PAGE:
Oscillations of the intertropical convergence zone and the genesis of easterly waves
Toma, Violeta E.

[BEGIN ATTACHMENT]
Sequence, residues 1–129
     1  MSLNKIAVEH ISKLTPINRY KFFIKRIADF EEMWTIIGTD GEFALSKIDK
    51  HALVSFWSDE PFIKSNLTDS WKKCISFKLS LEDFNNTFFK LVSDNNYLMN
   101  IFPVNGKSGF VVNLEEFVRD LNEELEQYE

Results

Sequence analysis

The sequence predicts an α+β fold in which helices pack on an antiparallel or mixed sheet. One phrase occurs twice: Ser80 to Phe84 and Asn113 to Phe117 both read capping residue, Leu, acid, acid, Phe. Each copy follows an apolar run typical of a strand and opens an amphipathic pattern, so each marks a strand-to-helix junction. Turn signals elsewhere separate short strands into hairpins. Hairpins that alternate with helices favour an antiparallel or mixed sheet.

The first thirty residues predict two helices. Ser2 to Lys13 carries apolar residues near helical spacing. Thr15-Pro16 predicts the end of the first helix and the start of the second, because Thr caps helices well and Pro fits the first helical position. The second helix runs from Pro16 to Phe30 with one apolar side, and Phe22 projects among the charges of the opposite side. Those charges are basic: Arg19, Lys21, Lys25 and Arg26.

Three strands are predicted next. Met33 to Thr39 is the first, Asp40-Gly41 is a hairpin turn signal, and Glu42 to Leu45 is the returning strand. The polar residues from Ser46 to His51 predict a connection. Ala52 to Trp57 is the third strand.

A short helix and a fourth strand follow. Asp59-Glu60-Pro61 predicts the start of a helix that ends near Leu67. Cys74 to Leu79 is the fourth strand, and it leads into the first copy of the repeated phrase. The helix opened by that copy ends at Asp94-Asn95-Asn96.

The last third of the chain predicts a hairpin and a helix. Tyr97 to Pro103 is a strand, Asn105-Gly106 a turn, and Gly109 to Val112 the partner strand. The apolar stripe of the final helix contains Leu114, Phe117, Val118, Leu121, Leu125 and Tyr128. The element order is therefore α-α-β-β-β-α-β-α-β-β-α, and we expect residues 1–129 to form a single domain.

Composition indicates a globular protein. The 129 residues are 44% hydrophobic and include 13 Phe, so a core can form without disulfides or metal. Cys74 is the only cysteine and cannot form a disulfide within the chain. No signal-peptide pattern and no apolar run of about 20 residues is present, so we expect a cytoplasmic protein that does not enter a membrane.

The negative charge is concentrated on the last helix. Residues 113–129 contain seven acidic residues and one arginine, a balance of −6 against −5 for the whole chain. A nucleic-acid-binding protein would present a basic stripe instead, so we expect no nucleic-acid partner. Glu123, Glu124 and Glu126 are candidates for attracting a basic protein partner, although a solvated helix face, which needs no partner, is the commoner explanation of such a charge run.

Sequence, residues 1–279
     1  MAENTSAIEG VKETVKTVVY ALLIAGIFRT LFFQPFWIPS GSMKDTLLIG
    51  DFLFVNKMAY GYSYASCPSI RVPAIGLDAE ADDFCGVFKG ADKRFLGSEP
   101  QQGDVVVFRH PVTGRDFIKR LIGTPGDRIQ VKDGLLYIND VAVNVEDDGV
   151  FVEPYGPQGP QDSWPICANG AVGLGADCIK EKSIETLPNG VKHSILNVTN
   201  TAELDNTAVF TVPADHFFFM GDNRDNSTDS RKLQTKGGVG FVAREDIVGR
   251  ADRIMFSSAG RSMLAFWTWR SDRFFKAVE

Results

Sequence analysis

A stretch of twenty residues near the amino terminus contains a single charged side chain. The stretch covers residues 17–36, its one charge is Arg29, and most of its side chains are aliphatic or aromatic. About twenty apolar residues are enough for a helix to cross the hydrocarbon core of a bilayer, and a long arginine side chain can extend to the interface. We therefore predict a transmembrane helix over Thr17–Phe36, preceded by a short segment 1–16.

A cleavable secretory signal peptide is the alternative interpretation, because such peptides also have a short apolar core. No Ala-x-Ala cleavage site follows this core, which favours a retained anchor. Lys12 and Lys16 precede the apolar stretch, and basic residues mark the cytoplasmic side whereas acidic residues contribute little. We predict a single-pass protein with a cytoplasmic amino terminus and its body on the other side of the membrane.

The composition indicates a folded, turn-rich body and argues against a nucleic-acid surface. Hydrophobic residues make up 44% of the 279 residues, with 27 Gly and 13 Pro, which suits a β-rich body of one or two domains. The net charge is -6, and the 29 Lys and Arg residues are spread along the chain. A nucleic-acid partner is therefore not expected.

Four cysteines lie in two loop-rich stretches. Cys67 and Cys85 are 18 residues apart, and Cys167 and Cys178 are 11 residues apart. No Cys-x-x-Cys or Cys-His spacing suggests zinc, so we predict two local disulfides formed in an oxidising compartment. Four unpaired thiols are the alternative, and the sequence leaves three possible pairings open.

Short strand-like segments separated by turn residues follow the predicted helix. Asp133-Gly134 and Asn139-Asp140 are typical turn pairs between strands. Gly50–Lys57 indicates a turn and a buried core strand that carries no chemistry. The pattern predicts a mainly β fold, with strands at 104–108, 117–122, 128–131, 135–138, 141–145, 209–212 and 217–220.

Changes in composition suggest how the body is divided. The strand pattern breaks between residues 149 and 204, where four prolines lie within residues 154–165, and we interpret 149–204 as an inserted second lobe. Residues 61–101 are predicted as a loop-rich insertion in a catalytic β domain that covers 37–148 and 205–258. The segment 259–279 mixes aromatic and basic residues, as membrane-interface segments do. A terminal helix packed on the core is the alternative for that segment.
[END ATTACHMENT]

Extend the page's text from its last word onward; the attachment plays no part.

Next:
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We examine the eastern Pacific Ocean Intertropical Convergence Zone (ITCZ) both in its mean state and transient phases using a combined diagnostic, theoretical and numerical modeling approach. We note that the ITCZ is perpetually in a transient state with strong variability occurring on 4-8 day time scales. Transients, about half the amplitude of the mean ITCZ, propagate northwards from the near-equatorial southern hemisphere eventually increasing the convection in the vicinity of the mean ITCZ convection. It is argued that the mean ITCZ is continually inertially unstable with incursions of anticyclonic vorticity advected across the equator resulting in the creation of a divergence-convergence doublet. The low-level convergence generates convection and vortex tube stretching which generates cyclonic vorticity counteracting the northward advection of anticyclonic vorticity. During a cycle, the heating in the mid-troposphere near 10°N oscillated between 6 and 12 K/day at the inertial frequency of the latitude of the mean convection. The shallow meridional circulation, noted in the mean field in other studies, appears to be a result of the transient nature of the ITCZ. It is hypothesized that westward propagating equatorial waves result from the inertial oscillation of the ITCZ. To test that the waves are formed in situ in the eastern Pacific and not remnants of waves propagating from the Atlantic or promoted by the Central and South American orography, several numerical experiments are undertaken using a high-resolution regional model spanning the western Atlantic Ocean and the eastern Pacific. In the control case, the model is initialized at all boundaries with full high-frequency observations. In two additional experiments, these transients are filtered out, and a third experiment is run with the topography over a large part of Central and South America removed. In all experiments, westward propagating waves are formed in the region of high CEPG suggesting that the hypothesis of in situ development may be correct.